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If I have a screw terminal block like in the picture below, is it normal practice to use one of the six connections for GND towards multiple external boards?

E.g. I wrap three wires into the rightmost connection and each of the three wires go to a separate board? (and likewise for VCC)?

Are there disadvantages to such method? It saves a lot of terminal blocks in my case.

enter image description here

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    \$\begingroup\$ Are you asking to put 3 wires into one connection in the terminal block? \$\endgroup\$ – Ron Beyer Aug 19 '19 at 20:13
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    \$\begingroup\$ For reliability, I would not recommend more than one wire per terminal. If two or more wires are soldered together, and their combined wire gauge is within the terminal specifications, I might make an exception. \$\endgroup\$ – JYelton Aug 19 '19 at 20:15
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    \$\begingroup\$ Could always solder four wires together, then insert one end into this. \$\endgroup\$ – rdtsc Aug 19 '19 at 20:18
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    \$\begingroup\$ I prefer one wire per terminal. It is often difficult to get multiple wires into one terminal, and to be sure that all wires are held securely. However, I do sometimes try to get two or three wires in one terminal. \$\endgroup\$ – Peter Bennett Aug 19 '19 at 20:25
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    \$\begingroup\$ I would reccomend against putting soldered wires into clamping terminal blocks as the solder can cold-flow resulting in a bad join electronicspoint.com/forums/threads/… \$\endgroup\$ – Jasen Aug 19 '19 at 20:37
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If you do, the boards will experience a common mode voltage. The common mode voltage will be generated by the current from each of the boards and the resistance of the connector. If the loads are switching current, this could be a problem for sensitive measurements or electronics.

You can find out if this is a problem by taking the max switching current and multiplying it by the resistance of the connector. Usually I use 0.1Ω as a max ball park number for connectors for thought experiments. V = I*R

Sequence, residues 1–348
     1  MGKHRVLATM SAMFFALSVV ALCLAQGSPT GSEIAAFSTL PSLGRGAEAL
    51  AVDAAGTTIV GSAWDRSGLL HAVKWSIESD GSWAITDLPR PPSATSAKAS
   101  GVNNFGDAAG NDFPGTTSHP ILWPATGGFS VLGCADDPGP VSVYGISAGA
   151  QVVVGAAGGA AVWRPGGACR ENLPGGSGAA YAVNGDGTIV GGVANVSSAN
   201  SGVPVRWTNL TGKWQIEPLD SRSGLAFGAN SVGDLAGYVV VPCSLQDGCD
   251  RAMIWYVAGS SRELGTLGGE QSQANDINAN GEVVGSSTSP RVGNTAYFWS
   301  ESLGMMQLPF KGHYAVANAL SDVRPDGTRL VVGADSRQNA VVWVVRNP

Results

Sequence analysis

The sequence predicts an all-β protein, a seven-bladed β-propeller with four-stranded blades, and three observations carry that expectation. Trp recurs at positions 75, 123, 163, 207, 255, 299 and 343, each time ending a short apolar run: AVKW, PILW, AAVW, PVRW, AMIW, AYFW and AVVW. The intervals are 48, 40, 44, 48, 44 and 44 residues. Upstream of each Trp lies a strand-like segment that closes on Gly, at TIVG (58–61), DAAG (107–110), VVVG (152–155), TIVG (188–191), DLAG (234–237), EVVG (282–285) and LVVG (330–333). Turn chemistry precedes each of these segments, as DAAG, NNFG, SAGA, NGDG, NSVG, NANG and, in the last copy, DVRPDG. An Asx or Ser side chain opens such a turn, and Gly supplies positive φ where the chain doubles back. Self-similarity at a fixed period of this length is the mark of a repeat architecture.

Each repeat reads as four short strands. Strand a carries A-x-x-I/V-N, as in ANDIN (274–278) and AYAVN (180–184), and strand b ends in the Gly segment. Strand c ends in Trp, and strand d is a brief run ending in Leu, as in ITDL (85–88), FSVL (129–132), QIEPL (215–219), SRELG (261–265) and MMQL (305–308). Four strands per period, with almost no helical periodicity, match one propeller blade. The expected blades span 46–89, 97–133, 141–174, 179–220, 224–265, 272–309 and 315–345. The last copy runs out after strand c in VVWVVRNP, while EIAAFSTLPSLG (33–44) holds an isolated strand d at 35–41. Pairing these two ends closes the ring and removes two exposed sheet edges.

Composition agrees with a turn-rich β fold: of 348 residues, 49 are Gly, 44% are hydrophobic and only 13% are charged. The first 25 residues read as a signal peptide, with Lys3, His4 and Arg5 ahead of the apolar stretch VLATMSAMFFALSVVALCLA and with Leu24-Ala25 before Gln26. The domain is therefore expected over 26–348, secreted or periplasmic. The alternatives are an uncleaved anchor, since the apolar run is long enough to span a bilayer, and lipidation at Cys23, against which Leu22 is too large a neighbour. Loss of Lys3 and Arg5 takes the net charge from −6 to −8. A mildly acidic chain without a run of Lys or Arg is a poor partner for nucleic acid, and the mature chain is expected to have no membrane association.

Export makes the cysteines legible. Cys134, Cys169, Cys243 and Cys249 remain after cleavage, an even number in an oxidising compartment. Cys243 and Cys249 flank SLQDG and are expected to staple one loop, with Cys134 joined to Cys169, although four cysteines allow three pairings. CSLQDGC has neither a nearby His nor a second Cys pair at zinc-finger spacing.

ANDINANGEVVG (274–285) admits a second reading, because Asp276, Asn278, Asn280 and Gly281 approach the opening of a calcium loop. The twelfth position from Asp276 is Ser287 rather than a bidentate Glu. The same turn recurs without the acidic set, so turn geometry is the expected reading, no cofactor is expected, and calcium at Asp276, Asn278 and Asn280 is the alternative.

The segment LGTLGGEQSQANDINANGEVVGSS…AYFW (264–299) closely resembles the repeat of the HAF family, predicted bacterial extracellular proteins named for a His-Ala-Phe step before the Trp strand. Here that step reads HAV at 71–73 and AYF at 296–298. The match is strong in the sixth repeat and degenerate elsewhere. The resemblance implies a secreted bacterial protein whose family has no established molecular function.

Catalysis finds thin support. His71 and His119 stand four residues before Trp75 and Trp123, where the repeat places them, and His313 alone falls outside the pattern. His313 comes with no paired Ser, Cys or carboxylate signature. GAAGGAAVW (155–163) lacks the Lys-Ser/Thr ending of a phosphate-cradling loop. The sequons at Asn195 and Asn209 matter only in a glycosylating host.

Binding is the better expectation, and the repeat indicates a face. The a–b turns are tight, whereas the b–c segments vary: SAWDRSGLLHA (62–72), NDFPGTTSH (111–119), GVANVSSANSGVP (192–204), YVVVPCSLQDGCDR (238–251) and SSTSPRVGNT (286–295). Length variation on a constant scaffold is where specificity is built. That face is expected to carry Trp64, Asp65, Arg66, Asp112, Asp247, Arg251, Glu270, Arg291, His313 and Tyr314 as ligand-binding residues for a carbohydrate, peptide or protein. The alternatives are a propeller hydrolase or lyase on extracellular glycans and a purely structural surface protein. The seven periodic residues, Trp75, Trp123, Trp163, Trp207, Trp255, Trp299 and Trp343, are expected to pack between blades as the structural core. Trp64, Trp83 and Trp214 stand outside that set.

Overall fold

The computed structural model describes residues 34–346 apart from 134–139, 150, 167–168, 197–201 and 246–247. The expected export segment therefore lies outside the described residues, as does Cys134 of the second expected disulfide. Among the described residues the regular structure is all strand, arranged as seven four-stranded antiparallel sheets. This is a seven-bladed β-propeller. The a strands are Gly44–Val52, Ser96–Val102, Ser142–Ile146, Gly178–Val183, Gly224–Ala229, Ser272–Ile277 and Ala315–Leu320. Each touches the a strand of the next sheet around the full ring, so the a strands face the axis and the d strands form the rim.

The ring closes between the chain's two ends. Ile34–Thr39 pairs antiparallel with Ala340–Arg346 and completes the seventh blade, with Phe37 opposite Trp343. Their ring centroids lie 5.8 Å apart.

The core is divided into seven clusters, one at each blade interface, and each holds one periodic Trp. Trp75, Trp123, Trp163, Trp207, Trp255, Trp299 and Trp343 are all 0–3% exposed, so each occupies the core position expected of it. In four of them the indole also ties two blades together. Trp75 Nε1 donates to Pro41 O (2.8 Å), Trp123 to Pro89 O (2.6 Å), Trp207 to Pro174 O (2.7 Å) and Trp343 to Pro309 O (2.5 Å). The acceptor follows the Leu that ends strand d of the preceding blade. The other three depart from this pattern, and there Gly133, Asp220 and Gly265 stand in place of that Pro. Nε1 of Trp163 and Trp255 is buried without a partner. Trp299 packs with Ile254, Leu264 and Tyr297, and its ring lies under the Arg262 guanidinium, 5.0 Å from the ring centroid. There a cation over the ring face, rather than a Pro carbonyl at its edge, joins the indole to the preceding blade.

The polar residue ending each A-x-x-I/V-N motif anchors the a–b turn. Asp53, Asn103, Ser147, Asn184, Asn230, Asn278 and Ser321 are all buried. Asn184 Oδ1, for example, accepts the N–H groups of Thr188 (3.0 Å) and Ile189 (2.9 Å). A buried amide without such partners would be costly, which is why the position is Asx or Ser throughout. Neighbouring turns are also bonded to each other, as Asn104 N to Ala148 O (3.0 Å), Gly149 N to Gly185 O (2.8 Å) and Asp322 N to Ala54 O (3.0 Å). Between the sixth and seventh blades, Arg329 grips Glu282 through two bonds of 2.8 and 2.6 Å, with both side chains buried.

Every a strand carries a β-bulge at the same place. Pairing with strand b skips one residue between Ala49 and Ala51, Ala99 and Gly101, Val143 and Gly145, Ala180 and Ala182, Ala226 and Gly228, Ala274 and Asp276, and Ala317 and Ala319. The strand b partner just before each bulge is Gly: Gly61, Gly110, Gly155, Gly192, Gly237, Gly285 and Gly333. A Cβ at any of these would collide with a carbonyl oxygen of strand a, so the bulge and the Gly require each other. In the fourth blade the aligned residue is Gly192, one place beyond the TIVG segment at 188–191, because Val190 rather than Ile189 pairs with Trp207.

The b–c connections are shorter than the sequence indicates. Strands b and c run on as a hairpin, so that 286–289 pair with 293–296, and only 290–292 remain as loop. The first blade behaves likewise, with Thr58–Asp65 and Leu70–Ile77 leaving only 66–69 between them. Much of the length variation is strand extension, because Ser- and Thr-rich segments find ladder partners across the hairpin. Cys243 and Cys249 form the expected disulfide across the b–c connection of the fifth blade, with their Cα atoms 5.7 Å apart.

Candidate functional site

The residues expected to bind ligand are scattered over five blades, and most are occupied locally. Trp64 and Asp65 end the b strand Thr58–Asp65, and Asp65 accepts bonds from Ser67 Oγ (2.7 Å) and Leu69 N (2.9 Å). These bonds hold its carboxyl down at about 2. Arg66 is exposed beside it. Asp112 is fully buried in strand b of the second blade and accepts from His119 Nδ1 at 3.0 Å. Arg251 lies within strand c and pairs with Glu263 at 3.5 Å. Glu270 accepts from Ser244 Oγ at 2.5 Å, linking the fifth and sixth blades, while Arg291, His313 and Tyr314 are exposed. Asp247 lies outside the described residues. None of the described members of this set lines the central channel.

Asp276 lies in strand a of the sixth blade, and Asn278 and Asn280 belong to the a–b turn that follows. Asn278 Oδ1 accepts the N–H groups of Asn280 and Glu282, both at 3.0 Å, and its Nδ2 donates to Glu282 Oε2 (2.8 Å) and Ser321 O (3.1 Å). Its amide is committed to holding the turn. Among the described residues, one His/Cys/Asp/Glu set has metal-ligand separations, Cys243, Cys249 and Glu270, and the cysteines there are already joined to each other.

If the max current was 0.1A, that would be 0.1A*0.1Ω=10mV -- probably not a problem

If the max current was 5A, that would be 5A*0.1Ω=50mV -- that might be a problem

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    \$\begingroup\$ If it's low current and no switching then you are probably fine. \$\endgroup\$ – Voltage Spike Aug 19 '19 at 20:56
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    \$\begingroup\$ Is the UART going through the terminal? \$\endgroup\$ – Voltage Spike Aug 19 '19 at 20:59
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    \$\begingroup\$ You might see up to ~1mV of switching noise from the uarts on the ground. hard to say without analyzing the whole thing \ \$\endgroup\$ – Voltage Spike Aug 19 '19 at 21:03
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    \$\begingroup\$ 1 mV seems nothing to me, having a range from 0 - 5V for RX/TX signals. \$\endgroup\$ – Michel Keijzers Aug 19 '19 at 21:03
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    \$\begingroup\$ If you have multiple UARTs, with separate cables going off in different directions for each one, I would definitetly have a separate GND terminal for each one, so I could disconnect the cable to one UART without affecting the other UARTs. \$\endgroup\$ – Peter Bennett Aug 19 '19 at 21:27
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Four is a lot of wires to put into a clamping terminal but if you twist them so that every wire is worked on by the clamp it can work reliably.

However untwisting and re-tristing whenever you need to re-work the joint is a hassle and requires contcentration to get it right, so a potential source of failure.

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  • \$\begingroup\$ Yes, good point ... I think I can better try to make one GND connection to the LEDs and split it from there (if I make the LEDs close enough together). \$\endgroup\$ – Michel Keijzers Aug 19 '19 at 20:56

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